Motivational short stories, inspirational stories, zen, loving kindness, compassion, happiness, positivity
The Short Staff

The Short Staff

Shuzan held out his short staff and exclaimed “If you call this a short staff, you oppose it’s true reality. If you do not call it a short staff, you ignore it’s very nature. Now what do you wish to call this?

Question of Heaven or Hell

A soldier named Horishmo came to Hakuin, a meditation master of old, and asked: “Is there really a paradise and a hell?”

“Who are you?” inquired Hakuin.

“I am a samurai,” the warrior replied.

“You, a soldier!” exclaimed Hakuin. “What kind of ruler would have you as his guard? Your face looks like that of a beggar.”

Horishmo became so angry that he began to draw his sword, but Hakuin continued: “So you have a sword ! Your weapon is probably much too dull to cut off my head.”

As Nobushige drew his sword Hakuin remarked: “Here open the gates of hell!”

At these words the samurai, perceiving the master’s discipline, sheathed his sword and bowed. “Here open the gates of paradise,” said Hakuin

Enlightenment, happiness, positivity, compassion, loving kindness, motivational short stories, inspirational story
How long does it take to get enlightened

How long does it take to get Enlightened?

A young but earnest Zen student approached his teacher, and asked the Zen Master: “If I work very hard and diligent how long will it take for me to find Zen.”

The Master thought about this, then replied, “Ten years.”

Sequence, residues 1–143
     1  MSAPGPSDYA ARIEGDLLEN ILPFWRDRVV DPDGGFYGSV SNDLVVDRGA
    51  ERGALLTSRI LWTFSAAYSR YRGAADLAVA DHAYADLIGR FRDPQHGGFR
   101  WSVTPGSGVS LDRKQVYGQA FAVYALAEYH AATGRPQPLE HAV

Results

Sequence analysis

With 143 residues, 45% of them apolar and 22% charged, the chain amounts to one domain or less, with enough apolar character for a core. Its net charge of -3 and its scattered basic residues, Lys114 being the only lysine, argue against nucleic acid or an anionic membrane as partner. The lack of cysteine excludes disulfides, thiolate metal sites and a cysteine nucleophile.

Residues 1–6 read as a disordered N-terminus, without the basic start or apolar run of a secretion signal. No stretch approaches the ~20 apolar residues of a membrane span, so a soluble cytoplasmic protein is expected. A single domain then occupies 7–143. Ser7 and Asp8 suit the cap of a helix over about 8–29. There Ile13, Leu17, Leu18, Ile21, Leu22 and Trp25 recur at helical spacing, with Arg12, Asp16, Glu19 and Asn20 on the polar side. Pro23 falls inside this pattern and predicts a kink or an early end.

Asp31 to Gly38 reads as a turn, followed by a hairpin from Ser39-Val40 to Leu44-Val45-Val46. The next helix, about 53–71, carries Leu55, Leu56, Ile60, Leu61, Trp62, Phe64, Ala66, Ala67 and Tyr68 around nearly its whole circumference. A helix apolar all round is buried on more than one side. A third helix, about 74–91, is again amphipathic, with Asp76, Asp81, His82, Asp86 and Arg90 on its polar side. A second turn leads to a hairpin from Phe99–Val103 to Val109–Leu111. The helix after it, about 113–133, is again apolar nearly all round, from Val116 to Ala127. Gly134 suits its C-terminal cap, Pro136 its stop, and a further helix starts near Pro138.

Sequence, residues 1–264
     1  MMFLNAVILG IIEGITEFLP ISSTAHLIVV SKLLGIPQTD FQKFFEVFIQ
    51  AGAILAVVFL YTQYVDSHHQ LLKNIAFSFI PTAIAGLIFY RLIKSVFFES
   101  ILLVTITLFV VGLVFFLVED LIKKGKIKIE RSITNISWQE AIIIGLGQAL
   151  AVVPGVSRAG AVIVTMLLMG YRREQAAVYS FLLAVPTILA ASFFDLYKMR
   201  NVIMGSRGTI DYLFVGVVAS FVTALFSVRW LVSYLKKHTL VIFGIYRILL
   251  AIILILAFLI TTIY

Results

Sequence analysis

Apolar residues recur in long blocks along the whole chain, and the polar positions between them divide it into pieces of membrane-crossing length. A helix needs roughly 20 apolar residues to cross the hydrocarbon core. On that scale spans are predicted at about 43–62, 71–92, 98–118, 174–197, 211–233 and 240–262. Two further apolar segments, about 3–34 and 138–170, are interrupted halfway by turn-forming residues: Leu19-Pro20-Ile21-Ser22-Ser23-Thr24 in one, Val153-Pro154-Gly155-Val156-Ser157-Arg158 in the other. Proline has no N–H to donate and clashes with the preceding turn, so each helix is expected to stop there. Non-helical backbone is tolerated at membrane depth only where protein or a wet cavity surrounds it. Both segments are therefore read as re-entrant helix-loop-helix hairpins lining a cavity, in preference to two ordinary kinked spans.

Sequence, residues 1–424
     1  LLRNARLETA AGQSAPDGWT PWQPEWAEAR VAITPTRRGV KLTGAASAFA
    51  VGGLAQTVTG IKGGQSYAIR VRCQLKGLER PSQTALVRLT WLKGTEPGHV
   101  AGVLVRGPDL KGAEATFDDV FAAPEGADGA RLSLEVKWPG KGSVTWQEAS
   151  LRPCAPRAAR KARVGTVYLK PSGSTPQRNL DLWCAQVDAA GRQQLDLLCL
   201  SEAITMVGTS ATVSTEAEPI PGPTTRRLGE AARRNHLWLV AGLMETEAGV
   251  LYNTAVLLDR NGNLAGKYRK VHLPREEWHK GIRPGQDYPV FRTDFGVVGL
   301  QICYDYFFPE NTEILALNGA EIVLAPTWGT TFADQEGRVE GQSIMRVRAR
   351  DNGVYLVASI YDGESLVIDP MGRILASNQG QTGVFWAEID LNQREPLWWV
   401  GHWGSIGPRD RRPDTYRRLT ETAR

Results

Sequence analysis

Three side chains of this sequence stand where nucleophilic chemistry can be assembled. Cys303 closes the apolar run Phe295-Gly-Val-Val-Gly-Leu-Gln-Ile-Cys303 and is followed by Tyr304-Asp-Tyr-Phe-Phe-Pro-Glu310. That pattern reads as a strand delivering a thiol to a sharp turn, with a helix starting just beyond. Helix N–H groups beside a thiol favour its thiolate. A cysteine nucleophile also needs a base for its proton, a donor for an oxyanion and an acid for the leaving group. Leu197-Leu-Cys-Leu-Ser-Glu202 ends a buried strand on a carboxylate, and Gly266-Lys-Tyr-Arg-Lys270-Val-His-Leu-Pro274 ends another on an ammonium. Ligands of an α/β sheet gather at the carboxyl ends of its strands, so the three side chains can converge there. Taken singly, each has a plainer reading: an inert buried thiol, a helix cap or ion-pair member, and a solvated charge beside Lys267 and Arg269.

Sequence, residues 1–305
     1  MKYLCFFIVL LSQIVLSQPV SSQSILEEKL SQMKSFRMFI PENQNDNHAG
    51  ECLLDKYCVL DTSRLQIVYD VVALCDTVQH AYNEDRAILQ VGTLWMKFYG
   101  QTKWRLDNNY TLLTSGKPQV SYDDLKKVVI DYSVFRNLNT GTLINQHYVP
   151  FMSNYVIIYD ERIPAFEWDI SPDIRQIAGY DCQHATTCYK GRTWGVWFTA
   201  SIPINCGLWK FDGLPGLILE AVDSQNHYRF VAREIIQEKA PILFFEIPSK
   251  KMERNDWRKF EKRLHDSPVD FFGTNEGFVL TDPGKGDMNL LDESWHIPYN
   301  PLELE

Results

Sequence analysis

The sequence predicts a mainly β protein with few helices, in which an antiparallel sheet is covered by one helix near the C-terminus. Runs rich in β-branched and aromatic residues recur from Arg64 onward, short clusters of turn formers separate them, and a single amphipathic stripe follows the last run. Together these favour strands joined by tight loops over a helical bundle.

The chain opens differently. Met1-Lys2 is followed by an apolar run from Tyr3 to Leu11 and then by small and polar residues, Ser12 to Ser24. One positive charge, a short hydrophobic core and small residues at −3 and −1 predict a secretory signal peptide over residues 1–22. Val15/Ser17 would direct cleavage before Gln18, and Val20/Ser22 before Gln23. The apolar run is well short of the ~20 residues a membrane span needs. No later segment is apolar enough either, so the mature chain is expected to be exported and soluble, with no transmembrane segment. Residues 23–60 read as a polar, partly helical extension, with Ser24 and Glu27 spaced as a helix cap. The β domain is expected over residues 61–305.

The student then said, “But what if I work very, very hard and really apply myself to learn fast — How long then ?”

Replied the Master, “Well, twenty years.”

“But, if I really, really work at it. How long then ?” asked the student.

“Thirty years,” replied the Master.

“But, I do not understand,” said the disappointed student. “At each time that I say I will work harder, you say it will take me longer. Why do you say that ?”

Replied the Master,” When you have one eye on the goal, you only have one eye on the path.

Motivational short stories, inspirational story, mini story, storytelling, storyline, positivity, compassion, loving kindness
The Traveling Monk

The Travelling Monk

In ancient times it was customary for a traveling monk seeking lodging at a Zen monastery to engage in dharma combat with the abbot or head monk. If the wayfarer won the debate, he could stay; if not, he had to seek quarters elsewhere.

Once a master assigned his attendant to engage in such an encounter with a traveling monk, who challenged him to a silent debate. It so happened that this attendant had but one eye.

Soon the wayfarer returned to the master, saying, “Your man is too good for me. I must journey on. I held up one finger to symbolize the Buddha. But he held up two fingers for the Buddha and the Dharma. So I held up three fingers for the Buddha, the Dharma and the Sangha. But then he held up a clenched fist to indicate they were all one – so I ran to indicate I am no match for him.”

When the traveler who spoke these words left, the attendant arrived – angry and out of breath. “Where is that rascal?” he demanded. “First, he insulted me by holding up one finger to indicate I had only one eye. Determined to be polite in spite of that, I held up two fingers to indicate that, on the other hand, he was blessed with two eyes. But he just kept rubbing it in, for next he held up three fingers to indicate that all together there were only three eyes among us. So I went to hit him and he ran off! Where is he hiding?”

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Motivational Mini Stories Zen Stories

Motivational Mini Stories

Every week we bring to you a short Moral story that has either inspired or motivated us in some way during our week.

Most of our stories have been loving handcrafted by ourselves into short moral stories that we hope inspire as well as teach a valuable moral lesson in life. A few of our stories are old classics and where the original author is know a credit is always given.

These are a collection of some of our previous Weekly Moral Stories, check back regularly for a new Moral Story every week

Four Monks